The construction of a large-scale pulp facility is not an easy task. A greenfield project includes tonnes of equipment and thousands of people, from the project design phase to groundbreaking works, erection, commissioning, and the final start-up process. The key is to successfully gather different stakeholders from multidisciplinary teams.
A combination of broad technological knowhow, innovation and a strong presence in Brazil made Valmet the best choice for supplying the pulp drying lines for one of the biggest pulp projects worldwide: Klabin’s PUMA pulp mill project, located in Ortigueira municipality, in the Brazilian Paraná state.
The R$ 8.5 billion (EUR 2.2 billion) Klabin PUMA new pulp mill investment started up in March 2016 and comprised world-class Valmet technology for pulp manufacturing. The overall project challenges and deadlines were successfully met, providing technology which is undoubtedly a game changer for Klabin’s business strategy. The PUMA project has achieved a simultaneous output of 1.1 million tonnes/year of bleached hardwood pulp and 400 thousand tonnes/year of bleached softwood and fluff pulp. The facility was designed to produce 270 MW of electricity, consuming 120 MW internally and exporting up to 150 MW to the Brazilian national grid, using 100% renewable fuels based on wood, tree bark and lignin.
Fluff and softwood market pulp as end products
The Valmet scope of supply included two drying machines, baling and roll finishing lines. “This project was different in many ways. At same time, it included one of the biggest and highest capacity machines in the world, with 9.5 meters of width and a capacity of 3,500 tonnes per day, side by side with the first drying machine designed to produce both fluff and softwood market pulp in South America. The same machine can produce rolls and bales, depending on the product that the customer requires,” explains Paulo Aguiar, Valmet’s Director of Pulp Drying technology. The supply also included two winders and fully automated roll handling with plastic wrapping to handle fluff production with special care.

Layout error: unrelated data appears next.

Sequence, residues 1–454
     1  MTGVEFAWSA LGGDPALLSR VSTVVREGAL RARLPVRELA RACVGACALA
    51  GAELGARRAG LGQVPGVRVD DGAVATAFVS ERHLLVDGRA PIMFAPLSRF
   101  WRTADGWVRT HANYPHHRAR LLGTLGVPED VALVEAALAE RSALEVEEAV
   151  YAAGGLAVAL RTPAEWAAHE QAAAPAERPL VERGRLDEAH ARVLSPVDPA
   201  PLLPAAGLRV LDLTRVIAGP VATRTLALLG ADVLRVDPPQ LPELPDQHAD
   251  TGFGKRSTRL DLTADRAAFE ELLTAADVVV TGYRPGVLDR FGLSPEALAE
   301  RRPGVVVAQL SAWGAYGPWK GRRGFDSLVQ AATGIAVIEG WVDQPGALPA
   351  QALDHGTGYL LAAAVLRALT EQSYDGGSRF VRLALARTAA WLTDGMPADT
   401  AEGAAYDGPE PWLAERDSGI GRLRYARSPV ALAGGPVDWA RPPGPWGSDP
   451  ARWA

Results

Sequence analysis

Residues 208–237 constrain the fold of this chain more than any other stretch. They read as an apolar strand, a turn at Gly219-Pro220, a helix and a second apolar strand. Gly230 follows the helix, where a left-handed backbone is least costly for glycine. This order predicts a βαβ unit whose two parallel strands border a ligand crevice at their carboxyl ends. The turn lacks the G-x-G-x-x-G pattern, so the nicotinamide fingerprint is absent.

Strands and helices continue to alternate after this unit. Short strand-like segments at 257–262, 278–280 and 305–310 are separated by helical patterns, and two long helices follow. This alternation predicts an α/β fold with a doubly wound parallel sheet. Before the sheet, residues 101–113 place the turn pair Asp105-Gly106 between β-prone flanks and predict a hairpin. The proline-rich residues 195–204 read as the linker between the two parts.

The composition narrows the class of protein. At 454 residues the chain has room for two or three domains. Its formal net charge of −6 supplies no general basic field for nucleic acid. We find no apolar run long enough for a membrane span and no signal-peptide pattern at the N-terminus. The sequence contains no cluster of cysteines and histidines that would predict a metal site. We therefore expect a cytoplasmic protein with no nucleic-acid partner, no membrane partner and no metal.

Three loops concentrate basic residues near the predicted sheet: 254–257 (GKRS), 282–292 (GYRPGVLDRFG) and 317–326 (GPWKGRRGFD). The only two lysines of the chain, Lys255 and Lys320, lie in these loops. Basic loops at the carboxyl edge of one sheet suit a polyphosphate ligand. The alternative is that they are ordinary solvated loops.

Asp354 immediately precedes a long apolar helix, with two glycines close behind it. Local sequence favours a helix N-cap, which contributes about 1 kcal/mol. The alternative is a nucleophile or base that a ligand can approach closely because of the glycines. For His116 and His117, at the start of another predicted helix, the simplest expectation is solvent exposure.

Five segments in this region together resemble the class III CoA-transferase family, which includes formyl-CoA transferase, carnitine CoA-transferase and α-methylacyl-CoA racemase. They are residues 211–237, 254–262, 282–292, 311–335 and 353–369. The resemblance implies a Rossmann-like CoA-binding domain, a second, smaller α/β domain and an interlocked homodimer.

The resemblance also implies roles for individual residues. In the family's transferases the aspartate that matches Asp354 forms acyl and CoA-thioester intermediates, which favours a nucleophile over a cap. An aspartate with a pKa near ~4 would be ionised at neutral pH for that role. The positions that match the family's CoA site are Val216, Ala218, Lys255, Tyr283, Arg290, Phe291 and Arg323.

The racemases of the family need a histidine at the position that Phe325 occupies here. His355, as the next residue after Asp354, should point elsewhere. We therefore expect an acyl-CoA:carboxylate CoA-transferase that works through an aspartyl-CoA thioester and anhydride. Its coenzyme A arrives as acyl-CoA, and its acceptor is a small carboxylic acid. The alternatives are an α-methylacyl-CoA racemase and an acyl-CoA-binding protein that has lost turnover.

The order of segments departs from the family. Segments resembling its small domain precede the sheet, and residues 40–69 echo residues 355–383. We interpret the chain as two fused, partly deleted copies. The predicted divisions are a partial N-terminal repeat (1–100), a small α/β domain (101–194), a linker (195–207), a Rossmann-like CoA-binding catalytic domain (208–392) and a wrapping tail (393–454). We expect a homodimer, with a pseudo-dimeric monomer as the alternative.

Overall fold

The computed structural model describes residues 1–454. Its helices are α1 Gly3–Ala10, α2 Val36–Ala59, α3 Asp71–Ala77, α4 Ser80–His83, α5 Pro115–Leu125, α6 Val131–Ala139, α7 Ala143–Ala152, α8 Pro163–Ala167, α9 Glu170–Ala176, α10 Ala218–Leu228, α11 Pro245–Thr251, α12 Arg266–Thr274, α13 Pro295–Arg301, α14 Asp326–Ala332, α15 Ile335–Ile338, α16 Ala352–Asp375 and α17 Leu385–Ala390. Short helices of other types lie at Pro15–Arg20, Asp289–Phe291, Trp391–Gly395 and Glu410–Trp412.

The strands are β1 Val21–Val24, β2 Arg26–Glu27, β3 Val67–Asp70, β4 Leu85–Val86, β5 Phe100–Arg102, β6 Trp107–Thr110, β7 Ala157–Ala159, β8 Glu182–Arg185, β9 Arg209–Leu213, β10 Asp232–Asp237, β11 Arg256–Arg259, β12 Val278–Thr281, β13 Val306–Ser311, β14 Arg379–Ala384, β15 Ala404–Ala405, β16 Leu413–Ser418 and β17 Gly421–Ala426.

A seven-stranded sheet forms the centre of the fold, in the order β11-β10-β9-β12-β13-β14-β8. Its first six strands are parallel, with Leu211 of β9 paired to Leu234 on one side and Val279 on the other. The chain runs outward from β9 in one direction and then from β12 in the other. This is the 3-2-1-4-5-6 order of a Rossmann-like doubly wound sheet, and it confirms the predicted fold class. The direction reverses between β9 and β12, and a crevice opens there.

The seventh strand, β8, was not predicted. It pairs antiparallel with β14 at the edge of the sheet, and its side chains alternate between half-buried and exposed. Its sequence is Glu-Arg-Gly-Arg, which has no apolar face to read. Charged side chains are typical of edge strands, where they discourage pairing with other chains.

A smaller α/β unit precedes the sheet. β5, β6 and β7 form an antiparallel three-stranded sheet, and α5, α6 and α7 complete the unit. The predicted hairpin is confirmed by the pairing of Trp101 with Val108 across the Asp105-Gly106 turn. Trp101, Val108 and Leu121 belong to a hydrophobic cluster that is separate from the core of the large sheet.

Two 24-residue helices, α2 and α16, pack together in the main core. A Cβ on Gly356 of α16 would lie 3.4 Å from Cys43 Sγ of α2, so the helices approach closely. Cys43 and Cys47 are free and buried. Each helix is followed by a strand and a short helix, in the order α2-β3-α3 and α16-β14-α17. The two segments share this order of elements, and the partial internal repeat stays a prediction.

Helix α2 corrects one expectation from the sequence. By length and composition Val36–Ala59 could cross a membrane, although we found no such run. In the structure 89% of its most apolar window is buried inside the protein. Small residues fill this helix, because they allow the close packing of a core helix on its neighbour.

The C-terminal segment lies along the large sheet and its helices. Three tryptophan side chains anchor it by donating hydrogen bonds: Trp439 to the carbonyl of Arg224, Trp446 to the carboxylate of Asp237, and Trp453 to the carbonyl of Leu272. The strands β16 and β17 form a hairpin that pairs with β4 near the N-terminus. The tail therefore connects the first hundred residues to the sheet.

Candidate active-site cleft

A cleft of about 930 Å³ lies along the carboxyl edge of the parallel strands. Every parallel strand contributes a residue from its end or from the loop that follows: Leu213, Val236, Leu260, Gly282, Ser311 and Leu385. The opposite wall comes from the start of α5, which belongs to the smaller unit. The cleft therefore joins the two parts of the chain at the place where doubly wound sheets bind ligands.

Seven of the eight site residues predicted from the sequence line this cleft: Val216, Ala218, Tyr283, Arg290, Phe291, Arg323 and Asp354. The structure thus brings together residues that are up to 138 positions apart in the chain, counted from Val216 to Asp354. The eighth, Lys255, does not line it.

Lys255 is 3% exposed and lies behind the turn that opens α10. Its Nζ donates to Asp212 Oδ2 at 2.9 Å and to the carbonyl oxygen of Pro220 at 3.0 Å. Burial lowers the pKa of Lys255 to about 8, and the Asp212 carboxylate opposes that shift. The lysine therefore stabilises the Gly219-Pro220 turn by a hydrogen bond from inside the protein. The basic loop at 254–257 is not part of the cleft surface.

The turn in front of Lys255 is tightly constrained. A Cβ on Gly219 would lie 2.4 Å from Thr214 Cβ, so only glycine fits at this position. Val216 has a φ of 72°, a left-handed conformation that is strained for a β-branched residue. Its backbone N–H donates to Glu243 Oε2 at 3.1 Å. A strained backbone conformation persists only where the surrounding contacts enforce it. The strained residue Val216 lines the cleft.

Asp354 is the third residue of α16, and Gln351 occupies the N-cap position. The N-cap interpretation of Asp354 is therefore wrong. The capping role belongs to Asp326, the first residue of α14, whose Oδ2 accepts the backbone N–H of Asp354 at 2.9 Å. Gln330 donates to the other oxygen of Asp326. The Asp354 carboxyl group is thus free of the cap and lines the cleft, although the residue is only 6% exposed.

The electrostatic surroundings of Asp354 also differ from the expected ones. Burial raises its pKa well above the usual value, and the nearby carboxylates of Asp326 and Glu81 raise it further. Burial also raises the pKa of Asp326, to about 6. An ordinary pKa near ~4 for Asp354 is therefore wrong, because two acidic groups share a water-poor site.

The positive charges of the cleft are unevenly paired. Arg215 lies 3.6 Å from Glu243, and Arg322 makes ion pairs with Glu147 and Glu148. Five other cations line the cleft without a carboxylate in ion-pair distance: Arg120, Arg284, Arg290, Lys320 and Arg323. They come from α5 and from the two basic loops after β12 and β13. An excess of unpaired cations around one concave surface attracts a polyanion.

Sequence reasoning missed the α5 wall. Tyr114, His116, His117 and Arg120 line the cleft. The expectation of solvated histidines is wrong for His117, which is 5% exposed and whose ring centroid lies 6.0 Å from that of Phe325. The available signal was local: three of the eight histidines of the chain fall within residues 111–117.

Tests on Valmet pilot machine for optimum sheet formation
“Fluff is a product that requires high quality and additional physical properties than those measured in normal market pulp. Klabin has invested in research and development to ensure that we would have the best product available since we were entering a new market and looking forward to achieving differentiation in quality,” Klabin’s Technology and Pulp Business Unit Director Francisco Razzolini states. “At same time, we wanted to have a flexible machine, to produce a high capacity of softwood market pulp, without sacrificing the fluff quality. We worked with Valmet in their pilot machine located in Sweden to determine the optimum design in the sheet formation that would allow the best for both products,” he adds.
The product development didn’t stop in the forming section. The machine was also equipped with caliper control that assures parallel jumbo rolls, which is crucial for good operation of the winders. It may seem simple to achieve on a paper machine, but in a drying machine where the grammage is 10 times higher than paper, it is not an easy task. “We have developed the project to produce fluff with low defibration energy properties, one of the most valued parameters in the market,” comments Sadi Oliveira, Klabin Ortigueira’s Industrial Director. “The line is also fully automated, with minimal operator interference. This applies to everything from jumbo roll transportation to the packaging lines, prioritizing the safety in our operations,” he adds.